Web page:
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U.S. Securities and Exchange Commission

Speech by SEC Chairman:
Opening Statement at May 26, 2004, Open Meeting


Chairman William H. Donaldson

U.S. Securities and Exchange Commission

Washington, D.C.
May 26, 2004

Good morning, this is an open meeting of the Securities and Exchange Commission. We have three items on our regular agenda this morning, then the Commission will hear oral argument in the matter of Clarke Blizzard and Rudolph Able.

1. Disclosure of Breakpoint Discounts by Mutual Funds

The first item is a recommendation from the Division of Investment Management that we adopt amendments, proposed last December, to require mutual funds to enhance the disclosure that they provide to investors about breakpoint discounts on front-end sales loads.

In late 2002, the NASD, during routine compliance examinations, raised red flags about whether mutual fund investors were receiving promised breakpoint discounts. The Commission and the NASD, along with the New York Stock Exchange, initiated an examination sweep of 43 broker-dealers that ultimately led to enforcement and disciplinary proceedings against 15 firms. Last February, these firms entered into settlement agreements in which they agreed to compensate customers for the overcharges and pay fines of more than $21.5 million.

In addition, the NASD, SIA, and ICI formed a joint task force to recommend ways in which the mutual fund and broker-dealer industries could prevent breakpoint problems in the future. The amendments before us address two of the recommendations from the task force:

  • that mutual funds provide critical data regarding breakpoints in their prospectuses and on their websites, and
  • that fund prospectuses make clear that investors may need to provide financial intermediaries with the information necessary to take full advantage of breakpoint discounts.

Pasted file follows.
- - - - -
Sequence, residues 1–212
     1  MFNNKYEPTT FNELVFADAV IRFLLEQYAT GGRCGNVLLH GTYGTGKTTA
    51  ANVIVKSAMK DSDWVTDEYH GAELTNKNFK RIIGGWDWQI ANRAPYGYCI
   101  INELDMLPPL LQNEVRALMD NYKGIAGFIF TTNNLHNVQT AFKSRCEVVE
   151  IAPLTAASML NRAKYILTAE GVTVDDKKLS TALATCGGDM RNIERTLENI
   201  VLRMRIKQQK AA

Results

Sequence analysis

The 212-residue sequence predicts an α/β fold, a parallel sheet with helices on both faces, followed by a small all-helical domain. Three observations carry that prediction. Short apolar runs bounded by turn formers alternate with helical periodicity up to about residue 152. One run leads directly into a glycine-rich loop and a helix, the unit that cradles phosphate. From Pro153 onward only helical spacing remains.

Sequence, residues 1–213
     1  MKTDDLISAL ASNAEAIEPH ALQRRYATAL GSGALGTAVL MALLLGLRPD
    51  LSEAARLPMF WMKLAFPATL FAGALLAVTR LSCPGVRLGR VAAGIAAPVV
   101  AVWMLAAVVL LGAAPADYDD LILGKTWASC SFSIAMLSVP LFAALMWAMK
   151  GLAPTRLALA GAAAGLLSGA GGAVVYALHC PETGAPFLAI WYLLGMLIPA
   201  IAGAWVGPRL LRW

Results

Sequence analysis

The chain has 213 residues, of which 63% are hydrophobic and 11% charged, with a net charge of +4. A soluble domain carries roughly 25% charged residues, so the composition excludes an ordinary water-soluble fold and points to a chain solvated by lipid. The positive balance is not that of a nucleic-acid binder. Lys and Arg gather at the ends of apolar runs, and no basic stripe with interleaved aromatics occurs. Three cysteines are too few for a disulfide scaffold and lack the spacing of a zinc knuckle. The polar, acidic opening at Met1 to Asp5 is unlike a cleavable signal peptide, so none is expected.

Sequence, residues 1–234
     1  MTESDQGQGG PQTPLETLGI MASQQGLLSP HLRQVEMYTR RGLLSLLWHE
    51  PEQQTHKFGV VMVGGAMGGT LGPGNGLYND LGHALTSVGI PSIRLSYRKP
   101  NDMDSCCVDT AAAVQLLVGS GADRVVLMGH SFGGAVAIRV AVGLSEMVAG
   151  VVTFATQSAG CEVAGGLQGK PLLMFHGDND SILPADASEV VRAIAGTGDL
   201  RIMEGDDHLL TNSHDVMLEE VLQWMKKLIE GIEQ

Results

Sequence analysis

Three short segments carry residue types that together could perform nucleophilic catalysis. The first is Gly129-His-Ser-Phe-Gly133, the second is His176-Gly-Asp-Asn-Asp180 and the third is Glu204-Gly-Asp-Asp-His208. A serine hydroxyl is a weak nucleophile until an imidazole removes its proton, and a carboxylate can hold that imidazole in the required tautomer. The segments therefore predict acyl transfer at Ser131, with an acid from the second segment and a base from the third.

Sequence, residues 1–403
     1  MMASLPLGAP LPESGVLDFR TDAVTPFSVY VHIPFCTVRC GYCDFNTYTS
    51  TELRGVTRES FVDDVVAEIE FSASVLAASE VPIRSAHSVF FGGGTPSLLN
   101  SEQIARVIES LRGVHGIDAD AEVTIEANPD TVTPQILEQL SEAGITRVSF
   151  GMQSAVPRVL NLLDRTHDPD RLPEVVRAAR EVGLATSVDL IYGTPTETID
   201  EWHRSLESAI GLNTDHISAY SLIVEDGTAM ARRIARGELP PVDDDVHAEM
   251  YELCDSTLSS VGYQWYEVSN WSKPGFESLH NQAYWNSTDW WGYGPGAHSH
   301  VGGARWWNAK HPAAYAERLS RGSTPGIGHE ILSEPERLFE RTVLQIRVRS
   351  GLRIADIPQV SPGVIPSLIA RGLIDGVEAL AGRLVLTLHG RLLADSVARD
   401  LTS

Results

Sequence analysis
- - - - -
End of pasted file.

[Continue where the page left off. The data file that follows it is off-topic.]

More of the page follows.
I am pleased to support this initiative, as it will help to ensure that investors understand the breakpoints that are due to them. While it is incumbent upon funds and brokers to give investors the breakpoint discounts they are promised, an investor who understands breakpoint opportunities is unlikely to remain silent in the face of an overcharge.

As always, congratulations and thanks go to Paul Roye and the members of his staff who have brought this recommendation to the Commission: Susan Nash and Christian Broadbent.

2. Investment Adviser Codes of Ethics

The second item on our agenda is a recommendation from the Division of Investment Management that the Commission adopt a new rule and related rule amendments, proposed last January, to require registered investment advisers to adopt codes of ethics that set standards of conduct for advisory personnel and address conflicts that arise from their personal trading.

The relationship between an investment adviser and its clients is supposed to rest on a bedrock foundation of fiduciary principals. It is extremely troubling that so much of the conduct that led to the scandals in the mutual fund industry was, at its core, a breach of the fiduciary relationship between investment advisers and their advised funds. As fiduciaries, advisers owe their clients more than mere honesty and good faith. Recent experience suggests that all too many advisers were delivering much less.

I am pleased to support this rule, which will require advisory firms to establish codes of ethics, and to ensure that the firms' ethical standards reach all employees — with particular emphasis on employees who have access to nonpublic information about the firm's securities recommendations and its clients' securities activities.

It is said that "opportunity may only knock once, but temptation leans on the doorbell." As much as we might wish to, we will never be able to set and enforce rules that govern every situation in which an investment adviser's employees might be tempted to exploit the adviser's clients for personal profit. We have no choice but to rely on the advisory firms themselves to step into the breach — establishing a culture where the highest standards of behavior are practiced and where that doorbell is never answered.